I was curious to see how much of this number might we “unrealize” with the recent reversal of Roe vs. Wade. The implementation of Roe vs. Wade has been shown to decrease births by 4%, amounting to ~125,000 avoided births annually. Again, most of these avoided births are attributed to lower-income households. Applying the 12 ton estimate that we did above for someone living at the poverty line, that amounts to 1.5 Mt of additional emissions per year. 1.5 Mt is equivalent to ~0.02% of annual US emissions, which doesn’t seem like much on a relative basis but still is equivalent to the emissions from 300,000 cars per year.
These numbers still leave out some secondary effects of family planning, effects that can be positive or negative for emissions reduction efforts. Family planning does result in a noticeable increase in quality of life for the family unit. There is plenty of evidence that suggests that family planning helps women stay in school for longer and pursue more equitable employment, improving the socio-economic status of not only themselves but of their families and communities. Not only does this uplift allow developing societies the bandwidth to prioritize sustainability alongside basic human needs, it also helps people that are the most vulnerable to climate change impacts (i.e. low income communities) invest in adaptation and mitigation efforts.
On the other side of the equation is the increase emissions per capita that comes with quality of life. One case study of this is China. Though controversial, China’s 1979 one-child policy has been pointed to as one of the reasons for China’s accelerated economic progress. The rapid decline of fertility allowed more focused resource usage on the economically productive part of the population and also uplifted women’s education (though had other negative consequences on female births). Is it a coincidence that starting in 2001, 22 years after the one child policy was enacted (and when children born during the one-child policy started entering the workforce), China’s emissions per capita started rapidly accelerating, growing at an average rate of 10% between 2001 and 2011 vs. 2% in the previous decade? I’m not sure. China certainly did accelerate growth in that time through policy changes as well, but the demographic changes certainly didn’t hurt. By rough math, the avoided emissions from the one-child policy (400 million births x 2 tons/person/year = 800 Mt CO2e) was vastly trumped by the emissions per capita increases on the general population (1979 population of 986 million people x 5.8 tons/person/year increase in emissions = 5.8 Gt).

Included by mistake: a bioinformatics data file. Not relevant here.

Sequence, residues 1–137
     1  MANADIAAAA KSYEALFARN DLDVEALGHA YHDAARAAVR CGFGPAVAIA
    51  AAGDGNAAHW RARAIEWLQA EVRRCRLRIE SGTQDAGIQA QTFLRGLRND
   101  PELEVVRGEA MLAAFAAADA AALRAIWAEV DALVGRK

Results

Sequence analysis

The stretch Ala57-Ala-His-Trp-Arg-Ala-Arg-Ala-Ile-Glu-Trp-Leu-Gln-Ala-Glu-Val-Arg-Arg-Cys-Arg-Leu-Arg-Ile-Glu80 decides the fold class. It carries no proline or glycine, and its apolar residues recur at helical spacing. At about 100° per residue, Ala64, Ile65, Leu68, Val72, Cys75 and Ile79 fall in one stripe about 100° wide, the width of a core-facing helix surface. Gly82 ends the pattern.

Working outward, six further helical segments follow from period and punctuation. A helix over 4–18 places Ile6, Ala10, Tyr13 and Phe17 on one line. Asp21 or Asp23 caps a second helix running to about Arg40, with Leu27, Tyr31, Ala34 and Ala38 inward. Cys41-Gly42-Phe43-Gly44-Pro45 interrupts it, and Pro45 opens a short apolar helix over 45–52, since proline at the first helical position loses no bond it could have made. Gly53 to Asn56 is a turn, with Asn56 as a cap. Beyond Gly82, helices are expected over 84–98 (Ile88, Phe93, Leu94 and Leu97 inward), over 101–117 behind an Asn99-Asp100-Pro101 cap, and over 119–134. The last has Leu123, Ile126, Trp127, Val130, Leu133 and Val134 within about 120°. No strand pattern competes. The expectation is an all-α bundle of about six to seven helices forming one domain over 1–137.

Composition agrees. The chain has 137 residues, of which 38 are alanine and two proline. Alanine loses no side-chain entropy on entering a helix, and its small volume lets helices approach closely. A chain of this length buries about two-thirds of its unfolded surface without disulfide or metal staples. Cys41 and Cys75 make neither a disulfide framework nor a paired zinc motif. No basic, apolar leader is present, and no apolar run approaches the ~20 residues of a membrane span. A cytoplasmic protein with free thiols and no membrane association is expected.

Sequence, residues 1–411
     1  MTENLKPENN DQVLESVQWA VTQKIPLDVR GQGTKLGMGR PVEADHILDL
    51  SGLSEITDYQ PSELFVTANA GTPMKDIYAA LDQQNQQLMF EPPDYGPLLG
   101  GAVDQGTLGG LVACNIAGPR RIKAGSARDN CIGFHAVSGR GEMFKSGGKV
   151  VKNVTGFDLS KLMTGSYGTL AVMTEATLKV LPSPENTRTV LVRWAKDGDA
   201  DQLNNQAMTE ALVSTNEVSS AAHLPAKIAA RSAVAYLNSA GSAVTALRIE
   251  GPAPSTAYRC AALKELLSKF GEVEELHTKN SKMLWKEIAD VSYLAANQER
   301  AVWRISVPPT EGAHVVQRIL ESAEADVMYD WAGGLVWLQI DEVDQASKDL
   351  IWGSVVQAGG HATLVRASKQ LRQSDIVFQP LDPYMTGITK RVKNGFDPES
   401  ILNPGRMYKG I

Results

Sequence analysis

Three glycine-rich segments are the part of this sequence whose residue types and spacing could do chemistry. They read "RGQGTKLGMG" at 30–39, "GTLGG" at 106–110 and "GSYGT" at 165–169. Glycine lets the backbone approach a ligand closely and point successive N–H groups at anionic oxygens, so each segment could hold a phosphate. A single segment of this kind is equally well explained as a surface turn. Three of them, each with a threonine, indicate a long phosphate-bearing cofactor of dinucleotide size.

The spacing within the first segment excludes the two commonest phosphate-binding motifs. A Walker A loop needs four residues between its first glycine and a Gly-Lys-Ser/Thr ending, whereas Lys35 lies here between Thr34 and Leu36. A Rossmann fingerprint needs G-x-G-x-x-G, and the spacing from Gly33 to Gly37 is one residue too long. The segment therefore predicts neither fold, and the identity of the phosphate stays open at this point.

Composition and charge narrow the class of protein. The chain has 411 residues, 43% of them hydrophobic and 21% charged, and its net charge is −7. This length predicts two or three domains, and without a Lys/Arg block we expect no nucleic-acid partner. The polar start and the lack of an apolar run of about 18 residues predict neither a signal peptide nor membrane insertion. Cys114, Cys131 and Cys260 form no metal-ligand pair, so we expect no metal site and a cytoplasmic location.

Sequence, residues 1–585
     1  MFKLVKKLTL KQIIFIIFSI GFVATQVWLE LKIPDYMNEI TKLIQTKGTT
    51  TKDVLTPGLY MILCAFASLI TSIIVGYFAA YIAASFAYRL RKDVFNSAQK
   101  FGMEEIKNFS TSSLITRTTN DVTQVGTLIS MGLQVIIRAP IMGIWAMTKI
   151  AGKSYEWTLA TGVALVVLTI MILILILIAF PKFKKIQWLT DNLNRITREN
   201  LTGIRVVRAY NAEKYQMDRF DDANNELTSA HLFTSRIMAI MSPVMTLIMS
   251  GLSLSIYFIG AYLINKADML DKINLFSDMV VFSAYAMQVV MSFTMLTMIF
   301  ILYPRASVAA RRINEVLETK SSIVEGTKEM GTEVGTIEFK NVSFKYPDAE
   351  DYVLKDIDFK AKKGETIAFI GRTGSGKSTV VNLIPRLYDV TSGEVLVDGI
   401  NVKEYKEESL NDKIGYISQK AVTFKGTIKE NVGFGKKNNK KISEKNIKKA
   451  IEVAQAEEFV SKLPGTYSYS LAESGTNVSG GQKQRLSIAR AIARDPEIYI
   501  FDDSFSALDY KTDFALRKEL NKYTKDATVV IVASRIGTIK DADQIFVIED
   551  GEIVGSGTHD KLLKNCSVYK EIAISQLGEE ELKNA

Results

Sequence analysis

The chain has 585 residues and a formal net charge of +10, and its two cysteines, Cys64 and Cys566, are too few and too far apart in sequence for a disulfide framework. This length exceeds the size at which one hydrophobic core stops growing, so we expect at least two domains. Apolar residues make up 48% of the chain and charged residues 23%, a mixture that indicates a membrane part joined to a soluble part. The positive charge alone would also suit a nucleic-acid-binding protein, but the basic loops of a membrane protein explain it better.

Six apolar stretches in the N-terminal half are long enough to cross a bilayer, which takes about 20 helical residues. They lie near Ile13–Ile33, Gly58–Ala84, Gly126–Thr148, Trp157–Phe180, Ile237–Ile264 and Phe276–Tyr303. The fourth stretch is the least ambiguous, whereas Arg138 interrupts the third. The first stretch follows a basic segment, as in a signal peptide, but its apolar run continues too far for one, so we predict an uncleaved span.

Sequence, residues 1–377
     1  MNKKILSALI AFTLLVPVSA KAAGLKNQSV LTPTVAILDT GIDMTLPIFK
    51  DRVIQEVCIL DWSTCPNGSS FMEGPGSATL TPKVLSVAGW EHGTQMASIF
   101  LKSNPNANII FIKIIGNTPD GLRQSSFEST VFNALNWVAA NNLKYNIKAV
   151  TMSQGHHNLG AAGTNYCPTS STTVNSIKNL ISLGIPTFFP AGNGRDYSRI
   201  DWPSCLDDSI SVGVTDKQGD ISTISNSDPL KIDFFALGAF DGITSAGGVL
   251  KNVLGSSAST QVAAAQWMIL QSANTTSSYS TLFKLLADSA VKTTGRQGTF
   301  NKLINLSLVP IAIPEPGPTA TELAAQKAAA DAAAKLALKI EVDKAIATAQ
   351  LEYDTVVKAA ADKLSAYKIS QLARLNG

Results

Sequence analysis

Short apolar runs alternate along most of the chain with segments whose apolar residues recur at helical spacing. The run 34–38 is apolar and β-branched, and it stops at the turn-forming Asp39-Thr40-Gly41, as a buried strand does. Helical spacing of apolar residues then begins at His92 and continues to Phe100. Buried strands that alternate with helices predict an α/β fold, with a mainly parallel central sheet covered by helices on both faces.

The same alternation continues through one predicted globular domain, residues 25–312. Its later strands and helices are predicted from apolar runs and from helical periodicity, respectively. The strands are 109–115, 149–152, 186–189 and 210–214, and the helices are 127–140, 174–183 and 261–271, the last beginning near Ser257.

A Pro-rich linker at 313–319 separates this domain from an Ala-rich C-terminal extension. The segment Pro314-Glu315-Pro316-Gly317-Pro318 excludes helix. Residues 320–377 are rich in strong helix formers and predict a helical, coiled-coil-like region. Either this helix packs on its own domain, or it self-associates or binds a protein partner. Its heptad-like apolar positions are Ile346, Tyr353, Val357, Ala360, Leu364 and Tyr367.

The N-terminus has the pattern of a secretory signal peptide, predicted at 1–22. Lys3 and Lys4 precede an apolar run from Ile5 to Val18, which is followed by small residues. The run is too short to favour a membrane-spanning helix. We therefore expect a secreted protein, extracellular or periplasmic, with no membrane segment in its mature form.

All this to say that family planning’s positive influence on growth and society is not negated by the potential environmental effects of a move up the prosperity index. It will be a necessary step for developing nations to take to achieve the ultimate goal of sustainable prosperity.
I think when I came into this topic, I had the notion (perhaps because I spent a lot of time with the Project Drawdown estimates from the last few weeks) that family planning would have a huge impact on emissions. But the reality is that while the numbers aren’t insignificant, they are modest compared to the potential impact of new technology solutions, especially ones that target our underlying industrial systems. We can use it as an effective solution, especially as it addresses other social and economic goals in parallel, but it definitely cannot be the focal point for an effective climate strategy.
Another point worth mentioning is that family planning has already come a long way, especially in developed nations where emissions per capita are highest. If we stop paying attention to family planning and let fertility rates run unchecked, there could be multiplicative effects on emissions far greater than that of developing nations. So it’s definitely something we need to make sure to maintain at sufficient levels to allow our emissions problem to not grow too large for us to handle (though many might say we’re already there).